Dr. Easton White is a quantitative marine ecologist who uses mathematical and statistical tools, coupled with experiments and field observations, to answer questions in ecology, conservation science, sustainability, and ecosystem management. Most of his work is focused on marine systems, especially fisheries and spatial planning. Easton currently conducts research on assessing the effectiveness of protected area networks, improving species monitoring programs, and modeling socio-ecological systems in the context of fisheries. His work centers on how environmental variability, in particular rare events (e.g., hurricanes, COVID-19 pandemic), affects ecosystems and those that depend on them. Some of his current work is funded through a NSF grant focused on interdisciplinary approaches to study coupled natural-human systems with Madagascar fisheries as a case study.
There are often openings for graduate students and postdoctoral fellows within the Quantitative Marine Ecology Lab at the University of New Hampshire working with Professor Easton White. Please see here (https://quantmarineecolab.github.io/join/) for more information on how to apply.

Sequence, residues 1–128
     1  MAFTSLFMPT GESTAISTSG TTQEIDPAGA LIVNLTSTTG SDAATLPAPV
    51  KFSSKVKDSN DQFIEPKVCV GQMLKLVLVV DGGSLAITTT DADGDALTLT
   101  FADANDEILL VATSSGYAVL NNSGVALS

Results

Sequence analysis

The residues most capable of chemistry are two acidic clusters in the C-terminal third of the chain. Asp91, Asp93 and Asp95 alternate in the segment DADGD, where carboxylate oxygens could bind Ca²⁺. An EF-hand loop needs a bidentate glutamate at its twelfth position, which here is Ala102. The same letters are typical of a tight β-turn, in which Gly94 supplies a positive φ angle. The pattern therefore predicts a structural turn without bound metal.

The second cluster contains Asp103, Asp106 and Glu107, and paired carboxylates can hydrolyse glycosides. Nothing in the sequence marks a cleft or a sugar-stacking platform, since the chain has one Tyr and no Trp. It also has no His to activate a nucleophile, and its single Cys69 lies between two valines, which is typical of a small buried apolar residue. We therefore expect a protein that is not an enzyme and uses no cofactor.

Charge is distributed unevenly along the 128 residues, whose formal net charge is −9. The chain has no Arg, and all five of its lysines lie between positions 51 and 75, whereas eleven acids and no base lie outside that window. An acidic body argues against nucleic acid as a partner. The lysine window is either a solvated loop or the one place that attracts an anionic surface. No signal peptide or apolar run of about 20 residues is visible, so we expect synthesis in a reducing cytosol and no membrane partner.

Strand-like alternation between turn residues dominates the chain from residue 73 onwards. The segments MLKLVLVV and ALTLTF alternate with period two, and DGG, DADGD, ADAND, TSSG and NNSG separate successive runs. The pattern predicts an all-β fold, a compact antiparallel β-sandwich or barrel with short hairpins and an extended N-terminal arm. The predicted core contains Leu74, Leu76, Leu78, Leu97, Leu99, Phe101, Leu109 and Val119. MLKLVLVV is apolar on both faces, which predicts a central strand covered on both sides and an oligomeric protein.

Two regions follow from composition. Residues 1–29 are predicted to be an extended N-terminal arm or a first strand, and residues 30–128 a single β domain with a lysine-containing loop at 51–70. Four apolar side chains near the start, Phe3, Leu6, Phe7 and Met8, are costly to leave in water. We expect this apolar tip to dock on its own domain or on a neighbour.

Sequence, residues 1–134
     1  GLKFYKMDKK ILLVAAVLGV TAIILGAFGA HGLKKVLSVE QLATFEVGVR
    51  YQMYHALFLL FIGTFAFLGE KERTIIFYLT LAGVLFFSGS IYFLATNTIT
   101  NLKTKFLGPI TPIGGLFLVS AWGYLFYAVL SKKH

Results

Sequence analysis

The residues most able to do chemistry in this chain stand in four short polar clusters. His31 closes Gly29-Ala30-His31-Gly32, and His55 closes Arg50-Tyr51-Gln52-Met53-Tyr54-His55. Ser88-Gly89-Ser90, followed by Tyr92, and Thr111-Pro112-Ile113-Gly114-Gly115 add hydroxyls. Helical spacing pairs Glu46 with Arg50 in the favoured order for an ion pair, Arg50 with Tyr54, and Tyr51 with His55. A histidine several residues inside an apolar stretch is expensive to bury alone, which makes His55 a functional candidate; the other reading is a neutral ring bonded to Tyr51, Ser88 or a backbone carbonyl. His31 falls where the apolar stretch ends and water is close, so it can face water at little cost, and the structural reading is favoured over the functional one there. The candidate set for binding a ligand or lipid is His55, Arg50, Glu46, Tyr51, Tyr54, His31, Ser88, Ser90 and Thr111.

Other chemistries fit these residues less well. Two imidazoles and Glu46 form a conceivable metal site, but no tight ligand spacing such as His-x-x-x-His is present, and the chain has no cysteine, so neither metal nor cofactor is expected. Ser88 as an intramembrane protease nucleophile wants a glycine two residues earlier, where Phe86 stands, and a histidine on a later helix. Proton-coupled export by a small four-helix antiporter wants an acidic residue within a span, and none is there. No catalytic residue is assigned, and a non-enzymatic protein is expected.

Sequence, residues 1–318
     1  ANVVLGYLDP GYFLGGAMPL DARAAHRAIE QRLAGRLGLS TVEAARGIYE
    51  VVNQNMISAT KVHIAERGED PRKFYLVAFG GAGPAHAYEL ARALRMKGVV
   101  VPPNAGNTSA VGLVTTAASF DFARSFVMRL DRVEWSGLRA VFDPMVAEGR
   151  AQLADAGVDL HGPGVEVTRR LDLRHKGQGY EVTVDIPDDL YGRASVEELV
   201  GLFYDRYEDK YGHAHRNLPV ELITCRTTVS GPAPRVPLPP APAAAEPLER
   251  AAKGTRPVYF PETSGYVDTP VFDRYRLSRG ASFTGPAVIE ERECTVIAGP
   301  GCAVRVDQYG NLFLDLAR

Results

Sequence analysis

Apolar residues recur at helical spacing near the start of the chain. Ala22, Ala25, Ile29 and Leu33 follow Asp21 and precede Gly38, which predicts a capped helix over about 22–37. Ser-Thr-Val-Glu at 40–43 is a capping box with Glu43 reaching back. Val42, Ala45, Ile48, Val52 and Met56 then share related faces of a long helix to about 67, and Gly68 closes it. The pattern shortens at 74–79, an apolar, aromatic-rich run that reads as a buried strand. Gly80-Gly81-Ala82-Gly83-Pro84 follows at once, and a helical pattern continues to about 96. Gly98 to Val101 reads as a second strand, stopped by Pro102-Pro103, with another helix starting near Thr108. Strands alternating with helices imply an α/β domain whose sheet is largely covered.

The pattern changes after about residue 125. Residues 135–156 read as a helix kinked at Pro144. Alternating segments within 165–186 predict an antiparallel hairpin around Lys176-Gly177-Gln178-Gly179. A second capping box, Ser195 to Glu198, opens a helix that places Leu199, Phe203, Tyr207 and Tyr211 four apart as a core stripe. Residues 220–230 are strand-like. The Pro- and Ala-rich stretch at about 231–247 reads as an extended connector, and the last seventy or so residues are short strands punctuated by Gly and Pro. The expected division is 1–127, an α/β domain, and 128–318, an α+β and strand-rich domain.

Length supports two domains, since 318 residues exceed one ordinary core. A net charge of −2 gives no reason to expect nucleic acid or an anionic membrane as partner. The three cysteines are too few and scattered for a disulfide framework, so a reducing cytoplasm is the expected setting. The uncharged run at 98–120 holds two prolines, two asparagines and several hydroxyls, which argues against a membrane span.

Ph.D., Population Biology, University of California - Davis
B.S., Biological Sciences, Arizona State University
A.S., Biological Sciences, Scottsdale Community College
Baker-Médard, M., Gantt, C., & White, E. R. (2021). Classed conservation: Socio-economic drivers of participation in marine resource management. Environmental Science & Policy, 124, 156-162. doi:10.1016/j.envsci.2021.06.007
White, E. R., Froehlich, H. E., Gephart, J. A., Cottrell, R. S., Branch, T. A., Bejarano, R. A., & Baum, J. K. (2021). Early effects of COVID-19 on US fisheries and seafood consumption. FISH AND FISHERIES, 22(1), 232-239. doi:10.1111/faf.12525
Fournier, A. M. V., White, E. R., & Heard, S. B. (2019). Site-selection bias and apparent population declines in long-term studies. CONSERVATION BIOLOGY, 33(6), 1370-1379. doi:10.1111/cobi.13371
White, E. R. (2019). Minimum Time Required to Detect Population Trends: The Need for Long-Term Monitoring Programs. BIOSCIENCE, 69(1), 40-46. doi:10.1093/biosci/biy144